There are several different factors in need of more research and collaborative efforts to improve cybersecurity for industrial robots. The Robotic Industries Association (RIA) calls on robot manufacturers, integrators, and operators to be held more accountable for the security of these robots. As manufacturers design and make robots, robot controllers, and devices such as machine vision cameras, laser scanners, and robot end-of-arm tooling that support the activities and operation of these products, they must ensure that they are implementing security measures throughout the design process and writing secure firmware. Implementors and systems integrators must ensure that manufacturers' robotic products are applied and configured in a way that doesn't leave the products susceptible to tampering and remote access by unauthorized entities. Manufacturers should force robot operators to change default user names and passwords at set up. Robot operators need to make sure that the physical environment in which the robot operates remains secure and that cyber risks can be mitigated as quickly as possible. The RIA encourages the adoption of a defense-in-depth approach to robot security. This approach refers to building security into each layer of a robot's control system architecture. Security defenses must be implemented for a robot's embedded operating system, application code, communications code, cloud servers, and more. The development of guidance and tools aimed at bolstering robot security must also be continued. For example, Trend Micro Research, in collaboration with the Robotic Operating System Industrial Consortium, created guidelines to help Industry 4.0 developers securely write the task programs that rely on legacy programming languages and are used to control industrial robots' automatic movements in order to reduce the risk of attacks on such robots. These guidelines cover secure configuration and deployment procedures, authentication for communication between systems, the implementation of access control policies and proper error handling, as well as the performance of input validation and output sanitization. The Polytechnic University of Milan, together with Trend Micro researchers, also developed a tool for the detection of malicious code in task programs used by industrial robots, helping to prevent damage at runtime.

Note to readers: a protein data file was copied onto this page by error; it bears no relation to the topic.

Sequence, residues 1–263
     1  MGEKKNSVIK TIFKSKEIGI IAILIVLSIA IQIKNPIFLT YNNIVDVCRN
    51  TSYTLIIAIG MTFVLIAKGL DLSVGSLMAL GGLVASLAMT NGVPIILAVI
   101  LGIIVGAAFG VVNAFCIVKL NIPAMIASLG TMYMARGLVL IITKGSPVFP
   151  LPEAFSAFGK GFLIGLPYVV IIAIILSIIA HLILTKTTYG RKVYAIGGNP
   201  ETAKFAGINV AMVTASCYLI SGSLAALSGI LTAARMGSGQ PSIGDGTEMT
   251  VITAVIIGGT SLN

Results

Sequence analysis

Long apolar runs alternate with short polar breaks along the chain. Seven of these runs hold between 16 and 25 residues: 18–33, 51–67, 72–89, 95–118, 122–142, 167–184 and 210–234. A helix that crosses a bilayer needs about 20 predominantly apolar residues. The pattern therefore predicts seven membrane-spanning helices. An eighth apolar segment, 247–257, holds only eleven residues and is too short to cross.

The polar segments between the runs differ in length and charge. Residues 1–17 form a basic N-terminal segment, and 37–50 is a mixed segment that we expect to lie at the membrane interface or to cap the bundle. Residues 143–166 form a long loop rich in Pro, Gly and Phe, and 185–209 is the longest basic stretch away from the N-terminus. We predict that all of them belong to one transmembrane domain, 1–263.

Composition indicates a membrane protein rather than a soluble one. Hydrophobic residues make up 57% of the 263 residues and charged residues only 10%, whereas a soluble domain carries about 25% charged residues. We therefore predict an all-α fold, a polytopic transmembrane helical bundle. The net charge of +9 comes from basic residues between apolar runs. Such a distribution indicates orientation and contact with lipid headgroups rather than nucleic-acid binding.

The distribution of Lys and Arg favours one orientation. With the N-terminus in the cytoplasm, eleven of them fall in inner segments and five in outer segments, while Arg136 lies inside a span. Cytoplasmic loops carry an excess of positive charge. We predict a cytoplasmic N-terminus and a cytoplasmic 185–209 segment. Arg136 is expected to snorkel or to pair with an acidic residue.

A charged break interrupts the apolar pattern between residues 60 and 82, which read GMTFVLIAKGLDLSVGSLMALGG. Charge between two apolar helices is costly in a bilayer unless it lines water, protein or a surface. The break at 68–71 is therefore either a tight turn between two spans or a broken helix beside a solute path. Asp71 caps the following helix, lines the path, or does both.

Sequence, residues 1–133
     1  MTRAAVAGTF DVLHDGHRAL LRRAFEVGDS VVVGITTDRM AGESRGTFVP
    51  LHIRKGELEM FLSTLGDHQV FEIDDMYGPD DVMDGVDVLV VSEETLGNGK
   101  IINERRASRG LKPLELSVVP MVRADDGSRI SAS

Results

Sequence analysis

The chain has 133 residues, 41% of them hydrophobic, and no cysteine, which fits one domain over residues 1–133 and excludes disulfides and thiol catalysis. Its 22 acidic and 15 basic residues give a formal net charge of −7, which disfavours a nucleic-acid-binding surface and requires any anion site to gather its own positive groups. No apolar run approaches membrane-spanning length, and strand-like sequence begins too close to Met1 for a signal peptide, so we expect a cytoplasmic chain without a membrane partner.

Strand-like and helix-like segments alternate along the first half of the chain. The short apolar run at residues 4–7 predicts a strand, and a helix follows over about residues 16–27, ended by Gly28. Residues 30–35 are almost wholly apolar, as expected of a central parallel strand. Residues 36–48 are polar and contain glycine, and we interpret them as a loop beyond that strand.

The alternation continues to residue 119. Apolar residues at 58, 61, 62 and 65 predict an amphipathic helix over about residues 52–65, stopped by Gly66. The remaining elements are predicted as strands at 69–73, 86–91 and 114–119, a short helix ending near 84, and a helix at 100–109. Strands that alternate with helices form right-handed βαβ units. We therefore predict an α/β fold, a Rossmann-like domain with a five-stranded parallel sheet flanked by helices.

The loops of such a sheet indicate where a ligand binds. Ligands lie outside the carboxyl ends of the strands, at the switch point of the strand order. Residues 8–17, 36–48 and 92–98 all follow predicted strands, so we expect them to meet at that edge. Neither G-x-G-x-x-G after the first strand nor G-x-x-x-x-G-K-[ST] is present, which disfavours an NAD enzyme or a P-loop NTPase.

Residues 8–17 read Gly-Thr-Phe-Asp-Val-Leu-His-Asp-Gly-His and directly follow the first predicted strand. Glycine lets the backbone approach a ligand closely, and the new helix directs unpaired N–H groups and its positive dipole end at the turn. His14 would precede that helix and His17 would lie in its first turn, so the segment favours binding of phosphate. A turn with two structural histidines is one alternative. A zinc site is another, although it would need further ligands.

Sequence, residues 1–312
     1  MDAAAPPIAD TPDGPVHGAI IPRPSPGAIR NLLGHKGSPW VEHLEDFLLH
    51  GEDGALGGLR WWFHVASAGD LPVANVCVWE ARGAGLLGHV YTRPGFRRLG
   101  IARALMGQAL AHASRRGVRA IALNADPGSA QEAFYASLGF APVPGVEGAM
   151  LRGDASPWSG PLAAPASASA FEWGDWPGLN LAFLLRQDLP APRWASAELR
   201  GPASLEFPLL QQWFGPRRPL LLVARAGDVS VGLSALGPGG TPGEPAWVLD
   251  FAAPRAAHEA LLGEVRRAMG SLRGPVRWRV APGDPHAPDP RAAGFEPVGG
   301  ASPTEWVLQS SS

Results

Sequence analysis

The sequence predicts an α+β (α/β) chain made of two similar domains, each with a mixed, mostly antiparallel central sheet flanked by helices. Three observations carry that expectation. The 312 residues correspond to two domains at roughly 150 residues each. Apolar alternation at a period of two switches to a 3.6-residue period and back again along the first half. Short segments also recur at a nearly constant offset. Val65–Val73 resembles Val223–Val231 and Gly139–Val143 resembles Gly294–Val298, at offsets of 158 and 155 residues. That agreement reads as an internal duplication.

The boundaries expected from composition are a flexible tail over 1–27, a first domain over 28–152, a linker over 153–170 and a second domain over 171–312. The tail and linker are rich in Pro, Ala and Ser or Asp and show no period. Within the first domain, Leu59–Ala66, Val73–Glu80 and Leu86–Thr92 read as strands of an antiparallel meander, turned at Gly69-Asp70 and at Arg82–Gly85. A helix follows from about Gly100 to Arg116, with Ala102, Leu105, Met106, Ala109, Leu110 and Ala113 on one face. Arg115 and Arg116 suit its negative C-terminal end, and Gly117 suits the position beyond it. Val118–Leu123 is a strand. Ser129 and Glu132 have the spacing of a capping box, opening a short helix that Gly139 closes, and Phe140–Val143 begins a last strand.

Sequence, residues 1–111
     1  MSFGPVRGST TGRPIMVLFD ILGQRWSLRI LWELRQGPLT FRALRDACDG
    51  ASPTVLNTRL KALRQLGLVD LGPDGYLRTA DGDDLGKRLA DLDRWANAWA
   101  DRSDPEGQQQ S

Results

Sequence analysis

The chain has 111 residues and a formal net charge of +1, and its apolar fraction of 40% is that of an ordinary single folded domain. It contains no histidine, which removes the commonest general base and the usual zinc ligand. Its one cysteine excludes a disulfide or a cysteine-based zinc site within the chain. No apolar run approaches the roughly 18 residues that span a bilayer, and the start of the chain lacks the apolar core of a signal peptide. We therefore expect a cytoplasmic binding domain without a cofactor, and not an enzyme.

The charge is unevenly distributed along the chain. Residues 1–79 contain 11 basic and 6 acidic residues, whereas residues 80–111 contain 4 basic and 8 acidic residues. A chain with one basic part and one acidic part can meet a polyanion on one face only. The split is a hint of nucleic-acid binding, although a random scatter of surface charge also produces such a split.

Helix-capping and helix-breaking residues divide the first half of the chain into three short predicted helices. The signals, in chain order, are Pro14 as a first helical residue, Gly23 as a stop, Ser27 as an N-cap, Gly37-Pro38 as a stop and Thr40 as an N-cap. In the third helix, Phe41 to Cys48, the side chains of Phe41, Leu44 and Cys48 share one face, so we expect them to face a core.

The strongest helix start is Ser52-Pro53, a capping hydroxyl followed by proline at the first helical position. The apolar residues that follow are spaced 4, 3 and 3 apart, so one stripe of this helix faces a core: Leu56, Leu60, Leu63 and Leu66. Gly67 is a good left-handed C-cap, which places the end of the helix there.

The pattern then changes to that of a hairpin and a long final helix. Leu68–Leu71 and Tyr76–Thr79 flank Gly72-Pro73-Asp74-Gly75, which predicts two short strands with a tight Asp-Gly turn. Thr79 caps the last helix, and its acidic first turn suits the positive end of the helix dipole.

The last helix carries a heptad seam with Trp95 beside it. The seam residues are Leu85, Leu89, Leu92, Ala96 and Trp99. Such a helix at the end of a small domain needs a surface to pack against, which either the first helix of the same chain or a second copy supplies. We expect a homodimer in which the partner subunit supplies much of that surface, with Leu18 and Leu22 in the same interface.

As industrial robots continue to grow in use and complexity, it is essential for the security community, as well as robot manufacturers, integrators, and operators, to take further steps towards developing and implementing better security mechanisms or practices for robotics.